Formes Dysphoria Part 1

Thu 19th February 2015


/incoming/formesdys.jpgI saw a press photo of Formes before hearing them - two good-looking, serious and well-kept men at the front staring out, not typical of the great unwashed metally types we usually find attached to our review emails, but a second later your eyes draw to the third character, loitering at the back in a modern Nosferatu-style horror mask. It's unnerving and agitating, yet, with hindsight, an amazingly apt portrayal of what you are about to experience.

Formes played at the Liverpool International Festival of Psychedelia, and have shared stages with Mugstar and the Cosmic Dead, so I was expecting a tripped out journey to sit back and take in. What you are confronted with - and it gives you the feel of being stalked and in danger of iminent ambush throughout - is a headfuck of psych vibes rubbing up against extreme metal influence played from a jazz fanatics mindset. It doesn't always work, but it's certainly different.

The album even starts with a surprising near minute of black metal-lite blast on Through This Hole, before abandoning the threat into terrain more likely inhabited by the Velvet Underground than Darkthrone. It rolls along, so laid back that it could have a trip-hop rhythym at times, to the point near the end where you remember the opening in bewilderment - surely that was not the same song?

Yet this is nothing compared to I Am Nothing and Tumult, which introduce extreme metal vocals, aggregating the passage from light to dark along the lines of Gothenburg melodic death metal of Opeth et al, without that telling anywhere near the full picture. Where you'd expect the metal to be that of the stylised modernity - Deafheaven for example - it in fact holds a reassuringly old school flame.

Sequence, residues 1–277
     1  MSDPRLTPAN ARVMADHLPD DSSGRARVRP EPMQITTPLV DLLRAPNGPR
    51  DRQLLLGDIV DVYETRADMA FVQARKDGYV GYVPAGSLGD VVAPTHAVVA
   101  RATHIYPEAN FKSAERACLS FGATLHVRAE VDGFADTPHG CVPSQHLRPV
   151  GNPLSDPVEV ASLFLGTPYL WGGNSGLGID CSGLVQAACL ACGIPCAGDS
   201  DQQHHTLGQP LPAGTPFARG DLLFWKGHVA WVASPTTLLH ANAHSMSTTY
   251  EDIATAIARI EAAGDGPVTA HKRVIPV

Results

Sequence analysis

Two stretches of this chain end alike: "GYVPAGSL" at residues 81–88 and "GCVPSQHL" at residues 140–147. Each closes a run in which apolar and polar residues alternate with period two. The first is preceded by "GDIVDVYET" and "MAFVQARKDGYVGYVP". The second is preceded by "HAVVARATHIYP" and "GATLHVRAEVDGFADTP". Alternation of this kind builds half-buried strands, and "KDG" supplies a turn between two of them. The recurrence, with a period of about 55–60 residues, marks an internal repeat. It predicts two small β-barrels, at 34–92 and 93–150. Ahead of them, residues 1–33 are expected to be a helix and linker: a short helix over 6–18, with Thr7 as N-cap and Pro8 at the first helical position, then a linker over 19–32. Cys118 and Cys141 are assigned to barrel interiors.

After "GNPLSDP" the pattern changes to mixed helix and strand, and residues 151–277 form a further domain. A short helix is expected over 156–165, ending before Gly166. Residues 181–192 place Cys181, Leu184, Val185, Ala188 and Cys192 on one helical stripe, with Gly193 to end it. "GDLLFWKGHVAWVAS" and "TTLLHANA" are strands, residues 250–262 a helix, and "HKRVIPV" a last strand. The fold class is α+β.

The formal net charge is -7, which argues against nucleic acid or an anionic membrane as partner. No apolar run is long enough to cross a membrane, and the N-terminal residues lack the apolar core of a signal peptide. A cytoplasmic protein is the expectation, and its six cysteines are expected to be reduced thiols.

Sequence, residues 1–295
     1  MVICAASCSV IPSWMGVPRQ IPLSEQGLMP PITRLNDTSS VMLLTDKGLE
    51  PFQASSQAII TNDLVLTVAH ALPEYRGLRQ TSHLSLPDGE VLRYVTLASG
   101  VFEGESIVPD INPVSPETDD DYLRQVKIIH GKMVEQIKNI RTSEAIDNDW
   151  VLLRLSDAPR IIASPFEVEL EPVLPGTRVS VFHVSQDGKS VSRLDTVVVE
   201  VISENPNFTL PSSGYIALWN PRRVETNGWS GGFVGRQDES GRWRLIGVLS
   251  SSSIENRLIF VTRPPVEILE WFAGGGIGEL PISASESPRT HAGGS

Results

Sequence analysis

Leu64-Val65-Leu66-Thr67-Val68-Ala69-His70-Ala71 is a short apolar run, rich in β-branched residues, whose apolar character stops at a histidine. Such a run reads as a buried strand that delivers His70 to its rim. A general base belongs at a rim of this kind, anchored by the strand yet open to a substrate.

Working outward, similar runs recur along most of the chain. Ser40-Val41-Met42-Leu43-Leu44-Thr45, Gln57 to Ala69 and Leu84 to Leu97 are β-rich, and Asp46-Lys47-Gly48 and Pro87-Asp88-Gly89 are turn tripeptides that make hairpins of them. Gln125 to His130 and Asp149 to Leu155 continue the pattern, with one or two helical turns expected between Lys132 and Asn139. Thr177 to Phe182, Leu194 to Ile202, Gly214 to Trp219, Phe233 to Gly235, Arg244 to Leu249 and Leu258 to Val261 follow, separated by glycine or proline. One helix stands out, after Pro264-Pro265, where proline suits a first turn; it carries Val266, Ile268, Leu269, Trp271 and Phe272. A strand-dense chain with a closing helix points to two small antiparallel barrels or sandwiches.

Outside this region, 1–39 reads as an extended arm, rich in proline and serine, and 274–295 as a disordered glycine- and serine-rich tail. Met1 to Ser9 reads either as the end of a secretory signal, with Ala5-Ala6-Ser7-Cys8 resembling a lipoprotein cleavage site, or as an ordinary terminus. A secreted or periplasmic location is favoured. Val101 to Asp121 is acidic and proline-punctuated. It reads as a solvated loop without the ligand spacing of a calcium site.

The two extremes of the tracks aren't always seemlessly interwoven - as if magnetic poles forcing space between. It creates weird and distinct phases and passages, on the whole that doesn't jar, although can mystify. Elsewhere it is reined in, I Will Make You Ill and the acoustic first half of Smile Club, eerie and airy in their relative minimalism, respectively.

Maybe I've been too swayed in my prejudgement of what I expected of Formes, that I can't see them for being simply a metal band with a touch of the avant garde about them. This may well be true, but even still the quirks remain, and they are smile inducingly enjoyable. Is it just for the novelty factor? Possibly - I'll no doubt find out in the next couple of months, whether I'm still listening to them or not. Either way, as alluded to earlier, Formes have created something which sounds different, and pre-conceptions or not, takes you by surprise, a rare achievement and one with which they can be proud.


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